I think we can all agree on one thing: Managing dependencies by hand sucks. Remember the project you needed to build? The one that required a library you never heard of before. Once you finally found it on the internet your compiler said: “I’m really sorry, dude, but this seems to be the wrong version of that library.” Opposed to that, using a dependency manager like Apache Maven seems to be a really good idea because it removes all this pain and all the specifying of required libraries in their respective version is up to the original developers of a project.

In the recent years I’ve come across many developers who like to write small tools to automate tasks of their daily routine. And I guess it’s no surprise that many of these tools involve working on source code. Wouldn’t it be nice if those tools could be using Maven to fetch additional information or even execute goals of the build process? In this post I want to point out three different ways of integrating Maven into custom source code, give some useful hints and talk about which way we used to integrate Maven into Coati, our source code exploration tool.

Using Maven Embedder

When searching the web for ways to execute maven commands from inside your own source code Maven Embedder is probably the most recommended approach. Maven Embedder is a component that is part of Maven itself. Furthermore it is used by tools like M2Eclipse which is a plugin for Eclipse that provides functionality like executing Maven goals and organizing dependencies. The upside of using Maven Embedder is that full functionality is contained in jars that can be integrated (and also shipped) with your application. The only downside is that Maven Embedder has a lot of direct and transitive dependencies (over 30 at the moment) which may be a burden if you are thinking of all the external license info you need to evaluate and include if you are actually shipping your application. The following snippet shows the essentials of how to use Maven Embedder to execute the “install” goal of a Maven project. If you like to give it a try, you’ll find more example code here.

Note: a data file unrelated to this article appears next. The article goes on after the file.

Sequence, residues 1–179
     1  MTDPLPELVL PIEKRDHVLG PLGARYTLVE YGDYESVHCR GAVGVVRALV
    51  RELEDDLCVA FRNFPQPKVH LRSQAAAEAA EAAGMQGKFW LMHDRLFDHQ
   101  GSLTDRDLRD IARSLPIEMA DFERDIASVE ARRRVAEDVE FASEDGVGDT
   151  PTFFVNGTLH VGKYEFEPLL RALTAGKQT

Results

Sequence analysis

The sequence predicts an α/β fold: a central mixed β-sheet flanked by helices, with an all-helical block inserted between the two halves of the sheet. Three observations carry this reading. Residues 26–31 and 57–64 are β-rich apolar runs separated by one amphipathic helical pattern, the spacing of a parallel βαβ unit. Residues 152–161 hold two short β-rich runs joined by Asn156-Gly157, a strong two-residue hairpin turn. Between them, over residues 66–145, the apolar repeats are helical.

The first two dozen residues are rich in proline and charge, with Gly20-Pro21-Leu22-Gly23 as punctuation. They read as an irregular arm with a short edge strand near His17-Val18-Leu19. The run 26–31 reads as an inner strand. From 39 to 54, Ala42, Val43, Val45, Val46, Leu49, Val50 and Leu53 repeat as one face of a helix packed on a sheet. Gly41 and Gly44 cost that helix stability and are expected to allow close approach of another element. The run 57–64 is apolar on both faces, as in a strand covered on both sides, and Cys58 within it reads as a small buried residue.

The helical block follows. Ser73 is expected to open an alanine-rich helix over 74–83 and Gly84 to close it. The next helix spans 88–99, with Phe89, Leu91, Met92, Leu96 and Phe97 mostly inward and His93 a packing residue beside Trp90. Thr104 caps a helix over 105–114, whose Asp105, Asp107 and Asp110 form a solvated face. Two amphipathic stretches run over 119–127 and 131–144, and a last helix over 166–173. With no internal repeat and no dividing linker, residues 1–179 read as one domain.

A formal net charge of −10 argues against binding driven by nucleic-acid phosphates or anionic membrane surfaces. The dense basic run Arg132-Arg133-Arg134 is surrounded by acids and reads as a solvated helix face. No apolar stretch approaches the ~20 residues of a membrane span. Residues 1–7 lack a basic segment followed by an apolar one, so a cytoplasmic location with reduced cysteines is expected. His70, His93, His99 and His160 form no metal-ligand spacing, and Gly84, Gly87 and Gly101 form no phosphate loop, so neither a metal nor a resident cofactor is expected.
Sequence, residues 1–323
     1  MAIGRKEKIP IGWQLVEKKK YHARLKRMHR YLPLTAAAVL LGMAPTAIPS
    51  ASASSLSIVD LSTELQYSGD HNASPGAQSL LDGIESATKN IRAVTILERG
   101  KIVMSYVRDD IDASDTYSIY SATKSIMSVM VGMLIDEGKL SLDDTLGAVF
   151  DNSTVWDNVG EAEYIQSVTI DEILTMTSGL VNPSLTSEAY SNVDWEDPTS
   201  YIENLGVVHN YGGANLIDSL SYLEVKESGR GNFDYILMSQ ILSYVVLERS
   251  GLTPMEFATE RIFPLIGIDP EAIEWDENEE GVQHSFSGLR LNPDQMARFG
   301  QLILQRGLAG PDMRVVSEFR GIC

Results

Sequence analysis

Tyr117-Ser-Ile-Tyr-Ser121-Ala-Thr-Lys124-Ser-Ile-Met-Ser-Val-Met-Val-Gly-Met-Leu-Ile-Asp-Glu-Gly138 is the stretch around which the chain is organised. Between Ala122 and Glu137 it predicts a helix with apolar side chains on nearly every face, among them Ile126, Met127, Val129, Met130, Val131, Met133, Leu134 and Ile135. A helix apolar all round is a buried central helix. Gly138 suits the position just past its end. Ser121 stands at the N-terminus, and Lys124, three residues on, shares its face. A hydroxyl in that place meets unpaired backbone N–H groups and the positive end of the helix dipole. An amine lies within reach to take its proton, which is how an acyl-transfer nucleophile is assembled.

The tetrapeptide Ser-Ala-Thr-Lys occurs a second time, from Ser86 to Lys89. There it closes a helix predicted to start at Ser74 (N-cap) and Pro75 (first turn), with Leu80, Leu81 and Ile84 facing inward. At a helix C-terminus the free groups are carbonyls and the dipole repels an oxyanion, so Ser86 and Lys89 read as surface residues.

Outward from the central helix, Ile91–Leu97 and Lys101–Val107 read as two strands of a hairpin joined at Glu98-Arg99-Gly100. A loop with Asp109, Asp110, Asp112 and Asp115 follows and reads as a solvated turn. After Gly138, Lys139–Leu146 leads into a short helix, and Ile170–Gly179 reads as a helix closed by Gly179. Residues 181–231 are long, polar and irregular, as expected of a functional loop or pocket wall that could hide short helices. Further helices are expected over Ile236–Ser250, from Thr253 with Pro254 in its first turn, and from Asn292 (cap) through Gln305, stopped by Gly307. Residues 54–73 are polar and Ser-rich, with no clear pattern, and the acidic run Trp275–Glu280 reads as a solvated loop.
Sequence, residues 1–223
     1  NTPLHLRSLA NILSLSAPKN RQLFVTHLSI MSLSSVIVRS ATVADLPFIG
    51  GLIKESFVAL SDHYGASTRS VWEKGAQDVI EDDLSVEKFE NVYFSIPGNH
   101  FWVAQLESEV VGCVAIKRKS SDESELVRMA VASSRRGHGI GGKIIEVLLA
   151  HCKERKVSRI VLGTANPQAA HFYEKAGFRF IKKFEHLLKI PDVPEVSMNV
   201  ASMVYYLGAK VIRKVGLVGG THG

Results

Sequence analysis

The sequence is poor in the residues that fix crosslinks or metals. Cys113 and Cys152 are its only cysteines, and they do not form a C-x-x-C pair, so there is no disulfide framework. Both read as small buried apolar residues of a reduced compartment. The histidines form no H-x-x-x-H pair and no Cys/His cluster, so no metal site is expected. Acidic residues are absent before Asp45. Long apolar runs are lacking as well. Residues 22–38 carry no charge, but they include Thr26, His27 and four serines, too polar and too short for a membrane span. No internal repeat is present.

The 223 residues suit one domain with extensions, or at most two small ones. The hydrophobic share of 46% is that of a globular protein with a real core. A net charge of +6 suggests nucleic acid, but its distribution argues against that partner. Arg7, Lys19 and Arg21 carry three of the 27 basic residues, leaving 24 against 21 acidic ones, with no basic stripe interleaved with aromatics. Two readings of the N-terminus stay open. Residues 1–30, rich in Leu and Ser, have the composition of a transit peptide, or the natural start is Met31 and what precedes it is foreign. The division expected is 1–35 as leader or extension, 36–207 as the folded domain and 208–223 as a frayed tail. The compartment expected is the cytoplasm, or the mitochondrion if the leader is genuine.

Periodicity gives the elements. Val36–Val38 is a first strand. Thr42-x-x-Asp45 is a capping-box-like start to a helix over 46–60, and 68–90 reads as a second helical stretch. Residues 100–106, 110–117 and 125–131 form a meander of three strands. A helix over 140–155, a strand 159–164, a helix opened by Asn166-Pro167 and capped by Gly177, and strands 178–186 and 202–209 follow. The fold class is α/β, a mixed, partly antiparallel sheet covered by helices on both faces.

Code example:

import org.apache.maven.cli.MavenCli;

public class MavenUsage {
    public void executeMavenInstall() {
        MavenCli maven = new MavenCli();
        maven.doMain(new String[]{"install"}, "path/to/project/root", System.out, System.out);
    }
}

Using an Available Maven Installation

If you don’t want to use any library you can always turn back and use the Maven instance that is already available on the user’s machine. The only difficulty is to find out where the user’s Maven home directory is located. If you can’t find it programmatically or don’t want to waste time on this, you can just ask the user to provide it on the first run.

Code Example

import java.io.File;
import java.io.IOException;

public class MavenUsage {
    public void executeMavenInstall() {
        Runtime runtime = Runtime.getRuntime();
        try {
            Process process = runtime.exec("path/to/mvn install", null, new File("path/to/project/root"));
        } catch (IOException e) {
            e.printStackTrace();